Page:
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Instituto Valenciano de Investigaciones Económicas


Inequality in a Recessionary World: From global to local

Valencia, 19 junio 2015

Universitat de València. Facultat d’Economia
Room Sánchez Ayuso (first floor)
Avenida de los Naranjos, s/n
46022 Valencia


The last wave of globalization, and in particular in the recent economic crisis, has deeply reshaped the income distribution, both between and within countries in a very short period of time. The growing income inequality has been a cause of concern in many public debates and policy discussions, especially because today´s economic crisis is putting additional pressures on the distribution of incomes as well as many policy constraints to help people at the bottom of the income distribution.

This is true worldwide, but especially in Spain and some other European countries that have been heavily hit by the economic crisis. Most reports from international institutions, like the OECD or the IMF, have documented in the past recent years that the gap between rich and poor has widened over the past decades in most industrialized and emerging countries with very few exceptions. Spain was one of these exceptions. Overall, the growing income inequalities can be traced back to the increased dispersion in wage inequalities. Globalization puts a lot of pressure on wages in developed countries to gain competitiveness in global markets, whereas at the same time salaries of top executives are reluctant to decrease, instead they have experienced a steady rise in most countries.

In the vein, globalization has been much debated as the main cause of widening inequality. However, other factors play a role, such as increased financial flows, technological change and its impact on wages, employment trends and household demography. In fact, disentangling how all these factors affect the final distribution on disposable income is not an easy task, since the path from the initial market income to the final extended disposable income is a complex one. In addition, the public sector, through public transfers, taxes and in-kind services, such as health or education, has a great deal of influence on the distribution of resources.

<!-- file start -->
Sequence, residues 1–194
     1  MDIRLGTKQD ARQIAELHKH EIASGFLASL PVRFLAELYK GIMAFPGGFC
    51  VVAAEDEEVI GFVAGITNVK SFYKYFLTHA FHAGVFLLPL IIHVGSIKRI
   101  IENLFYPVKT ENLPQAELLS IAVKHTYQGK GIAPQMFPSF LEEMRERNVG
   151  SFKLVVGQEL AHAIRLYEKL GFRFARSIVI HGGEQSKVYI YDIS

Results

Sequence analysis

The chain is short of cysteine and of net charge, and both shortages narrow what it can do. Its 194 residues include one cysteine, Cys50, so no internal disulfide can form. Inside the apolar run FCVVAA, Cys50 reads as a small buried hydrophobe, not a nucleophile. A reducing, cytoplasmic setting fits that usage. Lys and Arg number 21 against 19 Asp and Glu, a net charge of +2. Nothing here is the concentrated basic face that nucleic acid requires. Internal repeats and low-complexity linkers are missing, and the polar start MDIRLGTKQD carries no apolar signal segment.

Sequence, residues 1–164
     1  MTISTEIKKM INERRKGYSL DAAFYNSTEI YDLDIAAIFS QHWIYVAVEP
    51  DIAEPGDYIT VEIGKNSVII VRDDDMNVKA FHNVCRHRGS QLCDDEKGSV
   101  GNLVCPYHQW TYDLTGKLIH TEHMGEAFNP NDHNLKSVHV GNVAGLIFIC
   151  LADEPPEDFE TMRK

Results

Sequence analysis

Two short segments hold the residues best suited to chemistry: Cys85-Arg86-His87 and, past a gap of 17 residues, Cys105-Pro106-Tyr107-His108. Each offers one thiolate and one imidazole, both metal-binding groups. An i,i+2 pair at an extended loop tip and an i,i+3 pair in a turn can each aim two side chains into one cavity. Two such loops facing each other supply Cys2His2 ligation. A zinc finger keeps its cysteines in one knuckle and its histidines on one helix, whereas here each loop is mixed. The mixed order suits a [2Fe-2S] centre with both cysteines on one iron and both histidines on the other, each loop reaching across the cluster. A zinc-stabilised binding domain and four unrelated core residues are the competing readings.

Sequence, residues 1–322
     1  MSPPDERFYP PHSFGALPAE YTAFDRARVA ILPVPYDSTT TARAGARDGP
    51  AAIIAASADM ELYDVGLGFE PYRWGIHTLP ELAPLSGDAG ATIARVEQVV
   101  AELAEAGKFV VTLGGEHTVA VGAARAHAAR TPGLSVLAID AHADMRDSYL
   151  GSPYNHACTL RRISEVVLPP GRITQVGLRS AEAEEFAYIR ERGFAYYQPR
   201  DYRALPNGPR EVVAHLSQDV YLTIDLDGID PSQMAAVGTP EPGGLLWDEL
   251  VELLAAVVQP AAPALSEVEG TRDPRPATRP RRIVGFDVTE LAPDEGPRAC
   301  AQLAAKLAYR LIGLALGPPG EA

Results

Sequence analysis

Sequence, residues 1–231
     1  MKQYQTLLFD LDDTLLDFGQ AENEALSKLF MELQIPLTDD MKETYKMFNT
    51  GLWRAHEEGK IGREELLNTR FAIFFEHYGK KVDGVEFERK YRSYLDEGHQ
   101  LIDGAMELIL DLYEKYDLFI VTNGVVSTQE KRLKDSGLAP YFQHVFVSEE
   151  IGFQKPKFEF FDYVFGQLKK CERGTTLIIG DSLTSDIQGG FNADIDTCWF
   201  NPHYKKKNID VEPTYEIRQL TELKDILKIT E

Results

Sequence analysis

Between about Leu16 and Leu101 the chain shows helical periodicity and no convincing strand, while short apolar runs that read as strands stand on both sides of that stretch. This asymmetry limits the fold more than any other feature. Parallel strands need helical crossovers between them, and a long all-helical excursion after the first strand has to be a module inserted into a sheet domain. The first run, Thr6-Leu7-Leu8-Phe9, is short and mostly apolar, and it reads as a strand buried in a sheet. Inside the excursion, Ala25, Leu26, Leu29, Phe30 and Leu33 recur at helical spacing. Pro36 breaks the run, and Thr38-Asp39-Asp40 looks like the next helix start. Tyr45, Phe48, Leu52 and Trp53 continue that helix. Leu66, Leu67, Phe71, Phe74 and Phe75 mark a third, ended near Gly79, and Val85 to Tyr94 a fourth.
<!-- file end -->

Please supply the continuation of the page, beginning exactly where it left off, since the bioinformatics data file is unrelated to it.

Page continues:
Spain did not follow this general pattern, and the income distribution remained quite stable from the end of the eighties of the previous century until the recent economic crisis. It is true, however, that in a period of high growth, inequalities did not fall by a significant amount, but the increase in the level of income hide distributional problems that suddenly appeared when the income began to fall. In fact, Spain is one of the countries where inequality has risen more since the crisis began in 2007. The huge increase in inequality tells us that the cost of the recession has been shared very unevenly among the population, and that the efforts of the public sector to sustain the income of the poor have been unsuccessful.

This workshop will provide an excellent forum for discussing global and local inequalities in the actual recessionary world. Leading researchers in the field will contribute to our understanding of the different factors that shape the distribution of income, in the world, as well as in Spain, looking at the historical trends as well as the current situation.


9:00 – 9:30

Welcome and presentation

Francisco Goerlich

9:30 – 11:30

First session: Global Inequality

Chair: Matilde Mas, Universitat de València and Ivie

“The Kuznets waves: Explaining the evolution of within-country inequality over the very long-term”

Branko MilanovicLuxembourg Income Study Center

“Towards a New Definition of Shared Prosperity: A Dynamic Perspective from Three Countries”

Peter Lanjouw, VU University of Amsterdam and The World Bank, joint work with Hai-Anh Dang

“Inequality Is Bad for Growth of the Poor (But Not for That of the Rich)”

Roy van der Weide, The World Bank

11:30 – 12:00

Coffee break


Second session: Local Inequality

Chair: Francisco Goerlich, Universitat de València and Ivie

“Income inequality in Spain: a very long run view”

Leandro Prados de la Escosura, Universidad Carlos III and CEPR

“Distribution of wealth and the share of inheritance”

Facundo Alvaredo, Paris School of Economics

“Income inequality and redistribution: What is the real role of taxation in Spain?”

Jorge Onrubia, Universidad Complutense de Madrid, FEDEA y GEN


Francisco Goerlich

Universitat de València and Ivie


Facundo Alvaredo

Paris School of Economics

Francisco Goerlich

Universitat de València and Ivie

Peter Lanjouw

VU University of Amsterdam and The World Bank

Matilde Mas

Universitat de València and Ivie

Branko Milanovic

Luxembourg Income Study Center

Jorge Onrubia

Universidad Complutense de Madrid, FEDEA y GEN

Leandro Prados de la Escosura

Universidad Carlos III and CEPR

Roy van der Weide

The World Bank


Universitat de València. Facultat d’Economia
Room Sánchez Ayuso (first floor)
Avenida de los Naranjos, s/n
46022 Valencia


En colaboración con: